Are you hesitant to provide entertaining content for fear of falling flat? In our countdown of the top ways to make your videos go viral, we demonstrate a wide range of humorous and other entertainment techniques that have stood the test of time.
In fact, if you follow these 5 tested techniques for applying “malicious joy” to your YouTube videos, you can be assured of boosting audience engagement with your content. The use of malicious joy comes in at number 8 on our top 10 ways to make your content funny.
5 Ways to Boost Viral Video Stats with Malicious Joy
Malicious joy, or schadenfreude, refers to the pleasure we derive from seeing others fail or suffer misfortune. Rooted in the Theory of Superiority, this feeling of sudden glory can occur when we witness:
- Bungled Behaviors
- Unanticipated Spoilers
- Unfortunate Happenstances
- Deserved Repercussions
A common approach for entertaining audiences with malicious joy is to poke fun of someone notorious for clumsy or incompetent behaviors. The 1950’s sitcom, “I Love Lucy,” reached the highest popularity of any show at its time based on the bungling behaviors of Lucy. The naive and accident prone housewife had a knack for getting herself and her husband into trouble whenever she tried to make a name for herself.
In the following film clips, we see several viral YouTube videos based on characters prone to accidents or saying the wrong thing. This is often displayed through the eyes of someone drunk or oblivious to their surroundings.
Men, in particular, are often portrayed for their bungled behaviors resulting from their one track minds. Consider how we laugh when women make futile attempts to attract their husband’s attention when engrossed in their games or jobs. We are likely laughing at the husband’s obsessions and oblivion as well as the wife’s futile attempts to get their attention.
Another successful way to get laughter from malicious joy is through the portrayal of spoilers. For example, many of us laugh when witnessing the spoiling of romance. Just when the mood is set, attempts at seduction are foiled by some unexpected event.
The videos below show similar results in views and engagement when a storyline ends with unexpected damage, injuries or danger. This cause of laughter taps more into our emotional senses where a feeling of superiority is felt over those whose peace or excitement is snatched away.
Our third technique used in malicious joy relates to bad luck. Shamefully, many of us laugh when others get dealt a bad hand. Most of us enjoy watching someone knocked down a notch when an unwise choice is based on attempts at heroism or chivalry.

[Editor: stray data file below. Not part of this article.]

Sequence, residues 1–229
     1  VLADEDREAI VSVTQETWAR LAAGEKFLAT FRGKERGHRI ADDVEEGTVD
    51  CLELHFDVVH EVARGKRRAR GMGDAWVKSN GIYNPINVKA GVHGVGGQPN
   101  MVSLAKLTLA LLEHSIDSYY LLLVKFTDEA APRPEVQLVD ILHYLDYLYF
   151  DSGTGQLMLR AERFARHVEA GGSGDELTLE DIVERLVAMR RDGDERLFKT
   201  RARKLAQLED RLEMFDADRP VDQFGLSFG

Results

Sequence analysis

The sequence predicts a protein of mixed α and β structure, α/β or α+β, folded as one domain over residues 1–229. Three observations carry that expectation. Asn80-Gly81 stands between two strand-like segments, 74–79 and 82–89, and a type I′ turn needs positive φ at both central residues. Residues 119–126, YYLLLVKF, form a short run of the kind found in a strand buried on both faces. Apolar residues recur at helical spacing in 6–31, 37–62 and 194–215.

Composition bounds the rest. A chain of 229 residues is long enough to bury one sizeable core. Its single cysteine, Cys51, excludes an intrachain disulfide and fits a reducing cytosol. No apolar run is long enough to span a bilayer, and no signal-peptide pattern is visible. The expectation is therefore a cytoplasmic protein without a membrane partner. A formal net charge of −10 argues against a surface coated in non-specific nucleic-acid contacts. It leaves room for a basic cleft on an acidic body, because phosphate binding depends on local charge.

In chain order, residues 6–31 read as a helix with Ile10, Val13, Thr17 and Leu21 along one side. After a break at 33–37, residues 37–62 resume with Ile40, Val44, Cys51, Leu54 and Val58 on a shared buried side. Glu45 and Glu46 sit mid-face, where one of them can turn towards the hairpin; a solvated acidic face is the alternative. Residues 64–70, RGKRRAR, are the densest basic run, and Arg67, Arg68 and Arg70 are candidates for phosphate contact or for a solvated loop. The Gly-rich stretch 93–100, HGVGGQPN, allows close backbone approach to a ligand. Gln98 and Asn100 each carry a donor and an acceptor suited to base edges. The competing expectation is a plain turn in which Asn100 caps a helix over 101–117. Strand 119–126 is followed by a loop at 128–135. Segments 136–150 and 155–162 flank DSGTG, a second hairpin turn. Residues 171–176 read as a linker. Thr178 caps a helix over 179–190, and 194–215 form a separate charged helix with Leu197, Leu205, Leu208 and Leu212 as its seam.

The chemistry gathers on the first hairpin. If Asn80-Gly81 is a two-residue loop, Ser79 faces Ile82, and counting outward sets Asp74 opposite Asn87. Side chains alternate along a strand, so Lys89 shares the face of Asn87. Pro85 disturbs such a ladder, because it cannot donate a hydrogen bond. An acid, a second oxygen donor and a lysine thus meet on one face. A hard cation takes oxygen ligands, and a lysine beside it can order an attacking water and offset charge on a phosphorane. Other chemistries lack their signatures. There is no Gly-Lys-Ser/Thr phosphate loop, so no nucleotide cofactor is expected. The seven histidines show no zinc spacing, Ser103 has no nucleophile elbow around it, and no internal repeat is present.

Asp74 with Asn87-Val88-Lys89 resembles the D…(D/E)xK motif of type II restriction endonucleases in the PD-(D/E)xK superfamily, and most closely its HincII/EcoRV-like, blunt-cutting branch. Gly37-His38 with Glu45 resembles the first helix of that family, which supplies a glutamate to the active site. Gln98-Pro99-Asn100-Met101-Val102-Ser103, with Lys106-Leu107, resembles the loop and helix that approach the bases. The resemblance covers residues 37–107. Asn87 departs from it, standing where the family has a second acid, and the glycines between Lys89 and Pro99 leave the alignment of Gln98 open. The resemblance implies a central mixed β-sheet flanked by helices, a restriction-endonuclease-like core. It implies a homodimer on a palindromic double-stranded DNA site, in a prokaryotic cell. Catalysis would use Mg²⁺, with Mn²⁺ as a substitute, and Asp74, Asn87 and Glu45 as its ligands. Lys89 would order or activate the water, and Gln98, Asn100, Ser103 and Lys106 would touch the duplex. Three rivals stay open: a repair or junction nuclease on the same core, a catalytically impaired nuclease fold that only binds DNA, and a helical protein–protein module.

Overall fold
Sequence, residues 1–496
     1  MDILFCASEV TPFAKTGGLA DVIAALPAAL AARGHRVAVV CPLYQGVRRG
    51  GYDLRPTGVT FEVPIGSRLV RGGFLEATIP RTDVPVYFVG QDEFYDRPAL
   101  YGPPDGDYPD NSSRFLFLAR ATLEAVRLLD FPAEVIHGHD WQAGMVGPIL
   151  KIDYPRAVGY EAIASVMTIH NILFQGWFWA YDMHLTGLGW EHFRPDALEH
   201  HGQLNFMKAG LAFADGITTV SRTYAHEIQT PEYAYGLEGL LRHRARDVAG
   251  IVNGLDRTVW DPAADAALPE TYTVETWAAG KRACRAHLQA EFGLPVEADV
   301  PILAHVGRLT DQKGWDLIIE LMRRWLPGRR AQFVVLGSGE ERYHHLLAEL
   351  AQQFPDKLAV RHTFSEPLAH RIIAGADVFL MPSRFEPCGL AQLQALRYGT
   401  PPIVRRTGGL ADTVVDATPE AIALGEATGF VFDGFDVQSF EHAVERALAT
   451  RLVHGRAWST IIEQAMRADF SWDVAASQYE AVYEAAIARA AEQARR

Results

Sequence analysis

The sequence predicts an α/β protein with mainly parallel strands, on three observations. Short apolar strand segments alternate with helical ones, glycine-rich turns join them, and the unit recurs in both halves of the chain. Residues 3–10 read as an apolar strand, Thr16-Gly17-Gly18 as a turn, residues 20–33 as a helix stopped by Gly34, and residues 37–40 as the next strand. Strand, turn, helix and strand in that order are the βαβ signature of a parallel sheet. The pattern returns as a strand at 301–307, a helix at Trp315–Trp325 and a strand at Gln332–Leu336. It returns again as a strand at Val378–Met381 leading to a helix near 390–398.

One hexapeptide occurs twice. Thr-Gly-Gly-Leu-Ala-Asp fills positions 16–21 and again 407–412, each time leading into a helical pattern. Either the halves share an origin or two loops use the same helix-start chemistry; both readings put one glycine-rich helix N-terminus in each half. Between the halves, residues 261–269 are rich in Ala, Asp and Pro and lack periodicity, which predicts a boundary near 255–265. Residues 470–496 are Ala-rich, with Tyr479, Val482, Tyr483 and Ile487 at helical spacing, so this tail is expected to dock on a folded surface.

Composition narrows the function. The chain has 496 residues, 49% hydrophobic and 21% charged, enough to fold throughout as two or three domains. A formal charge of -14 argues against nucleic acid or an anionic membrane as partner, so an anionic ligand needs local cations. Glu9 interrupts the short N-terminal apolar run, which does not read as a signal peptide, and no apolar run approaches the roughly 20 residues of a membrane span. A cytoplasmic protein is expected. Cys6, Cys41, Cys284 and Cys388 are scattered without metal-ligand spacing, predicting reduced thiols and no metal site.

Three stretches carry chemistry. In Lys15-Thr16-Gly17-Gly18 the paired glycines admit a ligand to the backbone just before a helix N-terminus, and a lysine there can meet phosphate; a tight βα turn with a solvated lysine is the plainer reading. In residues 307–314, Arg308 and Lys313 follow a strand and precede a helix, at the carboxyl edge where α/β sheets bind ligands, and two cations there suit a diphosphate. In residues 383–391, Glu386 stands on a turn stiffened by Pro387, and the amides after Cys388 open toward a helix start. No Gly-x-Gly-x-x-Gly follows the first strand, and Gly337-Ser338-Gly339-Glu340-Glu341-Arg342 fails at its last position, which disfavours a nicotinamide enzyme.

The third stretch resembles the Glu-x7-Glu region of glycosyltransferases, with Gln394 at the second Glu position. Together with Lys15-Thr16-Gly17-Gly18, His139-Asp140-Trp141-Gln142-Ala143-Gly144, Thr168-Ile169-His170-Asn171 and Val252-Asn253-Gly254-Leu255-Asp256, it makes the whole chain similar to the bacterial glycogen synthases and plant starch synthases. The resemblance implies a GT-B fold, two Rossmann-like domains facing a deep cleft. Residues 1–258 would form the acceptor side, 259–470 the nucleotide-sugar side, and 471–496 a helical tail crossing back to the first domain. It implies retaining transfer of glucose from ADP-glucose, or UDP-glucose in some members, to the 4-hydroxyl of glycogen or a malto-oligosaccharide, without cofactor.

The same type of thrill emerges from bad timing such as when someone interrupts our concentration at the worst time or when the next person in line wins the grand prize.
We also delight in the misfortune of those exhibiting naïveté or simply keeping their eye off the ball. Especially when foolish mistakes result in catastrophic consequences, we often laugh hysterically at choices we know we are capable of committing ourselves.
Perhaps even more than bad luck or unexpected spoilers is the laughter resulting from well-deserved retaliation. This often happens when the actions of a featured villain backfire. In a similar vein, we laugh at paybacks against someone we despise or who is unveiled of their devious intentions.
Doritos did this very well in their commercial of a baby snatching the bag of chips from an annoying older sibling who incessantly teased the toddler. The payback results in our own feeling of sudden glory that we experience when living vicariously through the underdog.
On the lighter side, some sponsors use innocent repercussions to highlight the misfortunes of someone overzealous or careless. Though not as deserving as the villainous victim of a backfire, we still relish the thought of witnessing the aftermath of someone drinking too much or short cutting their path to success.
Our final category of malicious joy relates to the casting of cretins whose low class demeanor elevates our own status. For centuries, comedies of imbeciles, derelicts, the grotesque and the deformed have aroused fits of laughter from audiences.
A number of sponsors have obtained high scores in views and engagement from the portrayal of people seen as physically deformed (e.g., 700 lb. sumo wrestler). Similar results, however, can be achieved when portraying folks as mentally subnormal (e.g., derelicts).
Both Geico and FedEx capitalized on cretin sneering in their casting of Neanderthals in modern settings.
Vonage chose a similar tactic by casting airheads and derelicts in both their “People do Stupid Things” and “Chief Generosity Officer” campaigns.
A total of 3351 high performing videos (> 50K views) were examined in this ranking of top YouTube videos. These viral videos included re-casted television commercials that were posted on YouTube as a social media video back channel. Statistics were then recorded on the number of likes, dislikes, comments and views, where an exploratory study was subsequently published with the Academy of Marketing Science and 2013 Cross-Cultural Conference.
From the final list of most viewed YouTube videos, about 5% involved some type of malicious joy. This form of viral video engagement ranked number eleven, nine and eight in average views, comments as % of views, and net likes as % of views, respectively.
So what do you think? Is this an effective way to go? Have you ever resorted to using malicious joy as an entertaining content marketing theme?
Please share your thoughts in the comment box below.